|Aktivitets nivå :||Blandede aktiviter - Familieturer - Kultur & Tema reiser (standard) - Natur og dyrereiser - Reiser for ungdom|
Those not flying with the group will need to meet us at our hotel please check for a message from your guide at reception/on the hotel notice board.
This morning we take a short walk to the Chao Praya river where we board a long tail boat for a tour of the local canals. Bangkok was once known as the Venice of the East because of its intricate canal network. We get a glimpse of daily life as we pass locals selling their wares by the river. We will visit what to this day remains the home of the Thai Royal family at the Royal Palace complex followed by Wat Phra Kaew, home to the Emerald Buddha, one of Thailand's most venerated images. Another highlight is Wat Po, the largest temple in Bangkok, housing a 46m long, 15m high gold-plated reclining Buddha. After lunch we transfer to Kanchanaburi, an area made famous by the movie 'Bridge on the River Kwai'. The film is fictional but uses the construction of the Burma Railway in 1942-43 for its historical setting. The Japanese used Allied POW's to build a railway from Thailand to Burma so they could supply their army without the dangers of sending supplies by sea. Thousands of POW's died under appalling conditions during its construction, and the line became known as the 'Death Railway'. Jumping in Samlaws (Rickshaws) we will visit the Kanchanaburi war museum, which is more a memorial to the thousands who were killed whilst constructing the 'death railway', and have a chance to pay our respects at the War Cemetery in town. After this we travel to the bridge itself, before returning to our resort on the banks of the river.
Today we take a full day tour to the picturesque Erawan Waterfalls and to Hellfire Pass, so called because POW's were forced to chisel through solid rock, working by firelight on a particularly difficult section of the line resulting in a heavy loss of life. The afternoon is free to enjoy the falls area and there is a chance to enjoy some swimming or to walk to the top of the falls (approx 2 hours return trip).
After breakfast we head to Ayutthaya, the 2nd royal capital of the Kingdom of Siam (approx 4 hours). At its peak the Kingdom encompassed large parts of present day Laos, Cambodia and Burma. Diplomatic and international trade missions found their way to Ayuthaya from countries as far away as Europe. It was not long before Ayuthaya became one of the most important trading centres of the region. The population grew to over 1 million people by the 17th Century, more than any European capital at the same time. Following decades of wars and then a siege that lasted nearly 2 years, Ayuthaya was invaded and destroyed by the Burmese army. Temples were ransacked and statues of gold stolen and carried off to Burma. Following this devastating defeat the Siamese Kingdom relocated its capital to Bangkok. After lunch we transfer to a hotel were we have day rooms to freshen up in before boarding our overnight sleeper train bound for Chiang Mai.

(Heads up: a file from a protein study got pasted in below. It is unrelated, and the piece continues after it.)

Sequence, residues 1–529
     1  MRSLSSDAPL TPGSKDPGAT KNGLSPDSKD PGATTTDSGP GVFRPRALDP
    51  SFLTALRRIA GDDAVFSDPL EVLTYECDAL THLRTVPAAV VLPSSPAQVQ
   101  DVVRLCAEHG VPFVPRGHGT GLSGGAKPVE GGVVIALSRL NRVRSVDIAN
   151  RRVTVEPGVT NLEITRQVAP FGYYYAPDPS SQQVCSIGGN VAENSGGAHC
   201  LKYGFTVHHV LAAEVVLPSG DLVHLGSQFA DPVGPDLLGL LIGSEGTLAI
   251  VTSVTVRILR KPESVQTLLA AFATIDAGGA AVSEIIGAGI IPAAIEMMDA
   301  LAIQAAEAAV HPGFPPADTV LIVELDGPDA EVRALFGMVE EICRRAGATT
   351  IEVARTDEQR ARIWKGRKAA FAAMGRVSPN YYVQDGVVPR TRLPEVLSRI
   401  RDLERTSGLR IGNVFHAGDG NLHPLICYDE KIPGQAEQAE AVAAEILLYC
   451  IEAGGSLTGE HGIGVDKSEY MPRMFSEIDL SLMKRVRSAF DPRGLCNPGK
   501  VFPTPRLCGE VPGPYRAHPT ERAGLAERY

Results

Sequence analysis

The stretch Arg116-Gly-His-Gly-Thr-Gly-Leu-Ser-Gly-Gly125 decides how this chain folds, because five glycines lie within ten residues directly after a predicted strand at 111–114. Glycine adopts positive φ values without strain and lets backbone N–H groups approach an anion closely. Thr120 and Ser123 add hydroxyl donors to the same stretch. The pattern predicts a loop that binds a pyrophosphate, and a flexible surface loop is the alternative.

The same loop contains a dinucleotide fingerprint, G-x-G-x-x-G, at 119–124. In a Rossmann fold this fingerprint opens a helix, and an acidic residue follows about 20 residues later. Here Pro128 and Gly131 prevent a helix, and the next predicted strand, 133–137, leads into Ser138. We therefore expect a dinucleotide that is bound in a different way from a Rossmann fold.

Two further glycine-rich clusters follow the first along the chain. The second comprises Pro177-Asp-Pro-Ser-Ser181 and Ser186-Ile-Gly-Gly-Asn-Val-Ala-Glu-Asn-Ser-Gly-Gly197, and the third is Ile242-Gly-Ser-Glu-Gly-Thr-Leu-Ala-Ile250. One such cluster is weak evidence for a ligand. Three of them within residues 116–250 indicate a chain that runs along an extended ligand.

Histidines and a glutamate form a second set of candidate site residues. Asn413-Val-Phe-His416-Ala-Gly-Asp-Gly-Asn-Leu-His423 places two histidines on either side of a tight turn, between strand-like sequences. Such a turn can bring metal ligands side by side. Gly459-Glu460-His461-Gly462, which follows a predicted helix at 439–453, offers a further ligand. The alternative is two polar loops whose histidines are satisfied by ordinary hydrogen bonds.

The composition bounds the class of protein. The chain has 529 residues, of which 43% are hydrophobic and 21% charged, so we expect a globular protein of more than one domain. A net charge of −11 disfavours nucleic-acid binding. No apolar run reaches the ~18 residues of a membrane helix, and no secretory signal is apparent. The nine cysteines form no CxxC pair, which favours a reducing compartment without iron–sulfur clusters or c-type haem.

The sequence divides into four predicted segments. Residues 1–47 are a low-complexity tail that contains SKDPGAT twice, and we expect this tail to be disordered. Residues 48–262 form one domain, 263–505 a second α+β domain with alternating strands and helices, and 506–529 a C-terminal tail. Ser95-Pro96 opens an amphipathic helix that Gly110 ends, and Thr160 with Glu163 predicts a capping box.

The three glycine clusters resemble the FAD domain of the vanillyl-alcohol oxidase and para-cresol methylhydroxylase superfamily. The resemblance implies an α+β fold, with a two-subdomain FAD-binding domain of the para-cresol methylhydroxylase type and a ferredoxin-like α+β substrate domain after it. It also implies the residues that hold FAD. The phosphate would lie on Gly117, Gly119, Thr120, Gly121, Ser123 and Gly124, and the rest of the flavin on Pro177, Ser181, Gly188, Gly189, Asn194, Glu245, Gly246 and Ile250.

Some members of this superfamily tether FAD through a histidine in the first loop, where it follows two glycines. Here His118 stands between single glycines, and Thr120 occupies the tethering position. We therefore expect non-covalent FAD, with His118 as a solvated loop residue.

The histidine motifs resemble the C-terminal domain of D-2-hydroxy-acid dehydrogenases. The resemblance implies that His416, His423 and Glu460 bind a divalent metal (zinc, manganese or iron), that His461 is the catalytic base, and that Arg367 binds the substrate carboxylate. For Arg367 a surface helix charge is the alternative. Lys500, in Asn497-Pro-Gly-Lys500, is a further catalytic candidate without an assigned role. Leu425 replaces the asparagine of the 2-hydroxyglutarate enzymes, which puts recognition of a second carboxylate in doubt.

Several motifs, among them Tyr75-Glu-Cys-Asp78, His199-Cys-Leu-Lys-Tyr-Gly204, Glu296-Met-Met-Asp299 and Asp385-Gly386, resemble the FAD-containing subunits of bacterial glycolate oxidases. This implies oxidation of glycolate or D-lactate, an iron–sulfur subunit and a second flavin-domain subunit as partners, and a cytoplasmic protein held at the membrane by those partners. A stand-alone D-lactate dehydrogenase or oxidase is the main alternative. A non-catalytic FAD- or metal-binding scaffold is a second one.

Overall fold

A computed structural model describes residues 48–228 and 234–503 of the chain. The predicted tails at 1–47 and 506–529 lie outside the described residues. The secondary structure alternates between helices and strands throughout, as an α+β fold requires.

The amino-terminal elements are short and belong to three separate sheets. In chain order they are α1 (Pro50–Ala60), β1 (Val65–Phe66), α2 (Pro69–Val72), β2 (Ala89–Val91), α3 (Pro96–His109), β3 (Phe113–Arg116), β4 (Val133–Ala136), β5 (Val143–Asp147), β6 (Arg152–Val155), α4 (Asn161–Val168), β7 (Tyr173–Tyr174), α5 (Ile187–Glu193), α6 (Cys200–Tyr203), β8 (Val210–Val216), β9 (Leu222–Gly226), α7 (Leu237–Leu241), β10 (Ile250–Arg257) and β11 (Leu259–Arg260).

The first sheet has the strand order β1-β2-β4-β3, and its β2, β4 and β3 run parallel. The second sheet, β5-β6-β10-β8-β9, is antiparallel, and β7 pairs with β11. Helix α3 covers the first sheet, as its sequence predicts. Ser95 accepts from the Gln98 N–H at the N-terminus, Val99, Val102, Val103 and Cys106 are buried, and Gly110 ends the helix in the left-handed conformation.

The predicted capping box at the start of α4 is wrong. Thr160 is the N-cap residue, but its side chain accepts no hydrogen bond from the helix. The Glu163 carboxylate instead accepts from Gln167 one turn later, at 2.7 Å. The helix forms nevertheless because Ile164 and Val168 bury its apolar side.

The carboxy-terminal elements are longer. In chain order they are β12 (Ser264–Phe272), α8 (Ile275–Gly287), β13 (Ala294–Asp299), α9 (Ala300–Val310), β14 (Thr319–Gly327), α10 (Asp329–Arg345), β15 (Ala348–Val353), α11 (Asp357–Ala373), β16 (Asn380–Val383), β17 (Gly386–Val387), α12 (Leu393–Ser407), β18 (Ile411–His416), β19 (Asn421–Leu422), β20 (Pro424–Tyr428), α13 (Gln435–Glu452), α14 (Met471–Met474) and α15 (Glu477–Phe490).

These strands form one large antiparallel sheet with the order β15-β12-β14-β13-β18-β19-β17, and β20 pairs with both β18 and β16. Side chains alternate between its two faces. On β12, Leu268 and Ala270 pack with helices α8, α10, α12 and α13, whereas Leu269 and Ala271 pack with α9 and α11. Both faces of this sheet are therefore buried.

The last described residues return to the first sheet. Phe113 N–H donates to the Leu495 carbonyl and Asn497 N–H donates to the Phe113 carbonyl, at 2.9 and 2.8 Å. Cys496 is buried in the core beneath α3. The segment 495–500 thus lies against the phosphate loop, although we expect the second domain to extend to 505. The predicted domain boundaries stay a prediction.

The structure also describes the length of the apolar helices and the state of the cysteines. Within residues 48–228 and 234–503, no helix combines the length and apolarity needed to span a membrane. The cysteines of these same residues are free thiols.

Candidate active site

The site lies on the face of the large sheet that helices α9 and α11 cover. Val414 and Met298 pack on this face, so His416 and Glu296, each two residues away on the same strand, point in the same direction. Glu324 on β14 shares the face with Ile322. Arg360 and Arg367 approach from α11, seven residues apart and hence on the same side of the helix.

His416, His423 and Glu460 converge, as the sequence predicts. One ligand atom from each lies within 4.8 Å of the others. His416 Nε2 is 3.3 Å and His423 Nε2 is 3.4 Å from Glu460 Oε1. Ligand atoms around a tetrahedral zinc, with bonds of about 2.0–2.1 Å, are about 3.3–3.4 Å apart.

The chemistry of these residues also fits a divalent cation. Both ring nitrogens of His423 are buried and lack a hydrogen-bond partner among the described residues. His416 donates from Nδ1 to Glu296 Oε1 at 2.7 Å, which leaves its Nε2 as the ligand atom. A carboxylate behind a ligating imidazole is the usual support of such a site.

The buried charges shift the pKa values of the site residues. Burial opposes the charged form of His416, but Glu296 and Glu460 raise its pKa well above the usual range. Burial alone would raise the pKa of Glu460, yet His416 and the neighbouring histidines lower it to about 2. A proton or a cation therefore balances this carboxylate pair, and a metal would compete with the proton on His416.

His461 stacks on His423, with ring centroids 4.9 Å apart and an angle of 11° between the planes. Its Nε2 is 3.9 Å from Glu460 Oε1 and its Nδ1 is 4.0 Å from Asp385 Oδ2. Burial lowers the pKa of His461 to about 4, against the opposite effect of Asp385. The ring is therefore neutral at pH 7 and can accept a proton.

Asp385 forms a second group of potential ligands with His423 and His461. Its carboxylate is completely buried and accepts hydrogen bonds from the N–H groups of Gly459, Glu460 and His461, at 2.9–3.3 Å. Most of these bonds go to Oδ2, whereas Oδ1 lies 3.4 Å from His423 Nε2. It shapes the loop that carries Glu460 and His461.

In the early morning the train pulls into Chiang Mai, 'The Rose of the North', known for its temples, markets and the many colourful hilltribes that live in the area, we then transfer to our hotel. The rest of the morning is free to relax. A walking tour through the old quarter of the city after lunch is followed by a visit to Wat Phra That Doi Suthep the most revered Buddhist shrine in the Chiang Mai region. Perched on the hill overlooking Chiang Mai, it provides us with a fantastic view of the area. Back in Chiang Mai people are working feverishly away to set up the famous 'Chiang Mai Night Bazaar' which is nothing short of a shoppers' paradise. For those not into shopping there are plenty of atmospheric restaurants lined along the Ping River.
Today is a free day for private exploration or relaxation in this historical city. Chiang Mai is a former religious and cultural centre, twice coming under the control of the Burmese, so there is a strong Burmese influence reflected in the architecture of the city which one can explore. One popular option is a half day at a highly commended Thai Cooking School, where adults and children alike can learn the intricacies of Thai cooking. Under the supervision of an English-speaking Thai chef you have the opportunity to create your own 'gaeng keow wahn' or green coconut curry. You don't need to be a proficient cook to enjoy this activity but, be warned, you get to eat your creations at the end of the day! You may instead wish to visit the Elephant Nature Park which is based just outside of the city. In the past elephants have been used as beast of burden in the logging industry but over a decade ago the Thai government banned logging leaving the elephants and their mahouts out of work. This is a centre set up for the long term care of these graceful animals and on a day visit to the centre you will be able to feed and even bathe the elephants as well as watching them roam in acres of lush parkland. We have chosen this option as we believe it to be the only responsible option available to see elephants in the area.